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Premature Menopause, Clonal Hematopoiesis, and Coronary Artery Disease in Postmenopausal Women

Michael C Honigberg 1 2 3 4Seyedeh M Zekavat 4 5Abhishek Niroula 4 6Gabriel K Griffin 4 7Alexander G Bick 4 8James P Pirruccello 1 2 3 4Tetsushi Nakao 3 4 6 7Eric A Whitsel 9Leslie V Farland 10Cecelia Laurie 11Charles Kooperberg 12JoAnn E Manson 13 14Stacey Gabriel 4Peter Libby 15Alexander P Reiner 12Benjamin L Ebert 4 6NHLBI Trans-Omics for Precision Medicine ProgramPradeep Natarajan 1 2 3 4

Circulation doi: 10.1161/CIRCULATIONAHA.120.051775. Epub 2020 Nov 9.


Background: Premature menopause is an independent risk factor for cardiovascular disease in women, but mechanisms underlying this association remain unclear. Clonal hematopoiesis of indeterminate potential (CHIP), the age-related expansion of hematopoietic cells with leukemogenic mutations without detectable malignancy, is associated with accelerated atherosclerosis. Whether premature menopause is associated with CHIP is unknown.

Methods: We included postmenopausal women from the UK Biobank (n=11 495) aged 40 to 70 years with whole exome sequences and from the Women’s Health Initiative (n=8111) aged 50 to 79 years with whole genome sequences. Premature menopause was defined as natural or surgical menopause occurring before age 40 years. Co-primary outcomes were the presence of any CHIP and CHIP with variant allele frequency >0.1. Logistic regression tested the association of premature menopause with CHIP, adjusted for age, race, the first 10 principal components of ancestry, smoking, diabetes, and hormone therapy use. Secondary analyses considered natural versus surgical premature menopause and gene-specific CHIP subtypes. Multivariable-adjusted Cox models tested the association between CHIP and incident coronary artery disease.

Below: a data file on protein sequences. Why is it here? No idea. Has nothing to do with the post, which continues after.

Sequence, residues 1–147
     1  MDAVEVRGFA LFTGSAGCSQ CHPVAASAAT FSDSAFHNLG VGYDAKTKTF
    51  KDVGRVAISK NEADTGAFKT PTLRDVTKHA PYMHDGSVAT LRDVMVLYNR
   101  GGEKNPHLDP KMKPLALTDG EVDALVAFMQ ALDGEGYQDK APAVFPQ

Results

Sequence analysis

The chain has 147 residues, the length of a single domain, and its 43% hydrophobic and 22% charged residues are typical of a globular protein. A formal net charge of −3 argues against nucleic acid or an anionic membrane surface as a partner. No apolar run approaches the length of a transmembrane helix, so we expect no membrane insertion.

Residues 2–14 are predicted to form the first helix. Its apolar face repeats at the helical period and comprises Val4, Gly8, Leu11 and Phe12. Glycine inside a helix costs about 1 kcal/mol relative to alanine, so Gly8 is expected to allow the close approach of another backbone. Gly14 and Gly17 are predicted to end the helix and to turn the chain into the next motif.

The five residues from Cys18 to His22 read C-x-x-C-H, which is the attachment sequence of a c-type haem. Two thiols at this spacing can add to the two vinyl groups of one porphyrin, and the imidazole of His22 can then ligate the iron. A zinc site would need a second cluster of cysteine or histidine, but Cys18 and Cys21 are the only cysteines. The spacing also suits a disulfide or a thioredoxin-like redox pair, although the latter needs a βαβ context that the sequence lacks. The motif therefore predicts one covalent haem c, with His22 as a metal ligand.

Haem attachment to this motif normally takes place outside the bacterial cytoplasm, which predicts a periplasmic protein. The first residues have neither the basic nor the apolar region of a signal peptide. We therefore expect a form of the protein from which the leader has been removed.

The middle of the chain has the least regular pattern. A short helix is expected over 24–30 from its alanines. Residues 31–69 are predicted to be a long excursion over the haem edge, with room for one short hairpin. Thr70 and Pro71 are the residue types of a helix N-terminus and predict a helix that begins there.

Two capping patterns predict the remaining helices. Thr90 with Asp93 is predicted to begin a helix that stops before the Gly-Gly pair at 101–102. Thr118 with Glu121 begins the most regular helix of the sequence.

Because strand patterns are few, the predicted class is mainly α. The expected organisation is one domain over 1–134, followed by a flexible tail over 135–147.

Results: The sample included 19 606 women, including 418 (2.1%) with natural premature menopause and 887 (4.5%) with surgical premature menopause. Across cohorts, CHIP prevalence in postmenopausal women with versus without a history of premature menopause was 8.8% versus 5.5% (P<0.001), respectively. After multivariable adjustment, premature menopause was independently associated with CHIP (all CHIP: odds ratio, 1.36 [95% 1.10-1.68]; P=0.004; CHIP with variant allele frequency >0.1: odds ratio, 1.40 [95% CI, 1.10-1.79]; P=0.007). Associations were larger for natural premature menopause (all CHIP: odds ratio, 1.73 [95% CI, 1.23-2.44]; P=0.001; CHIP with variant allele frequency >0.1: odds ratio, 1.91 [95% CI, 1.30-2.80]; P<0.001) but smaller and nonsignificant for surgical premature menopause. In gene-specific analyses, only DNMT3A CHIP was significantly associated with premature menopause. Among postmenopausal middle-aged women, CHIP was independently associated with incident coronary artery disease (hazard ratio associated with all CHIP: 1.36 [95% CI, 1.07-1.73]; P=0.012; hazard ratio associated with CHIP with variant allele frequency >0.1: 1.48 [95% CI, 1.13-1.94]; P=0.005).

Conclusions: Premature menopause, especially natural premature menopause, is independently associated with CHIP among postmenopausal women. Natural premature menopause may serve as a risk signal for predilection to develop CHIP and CHIP-associated cardiovascular disease.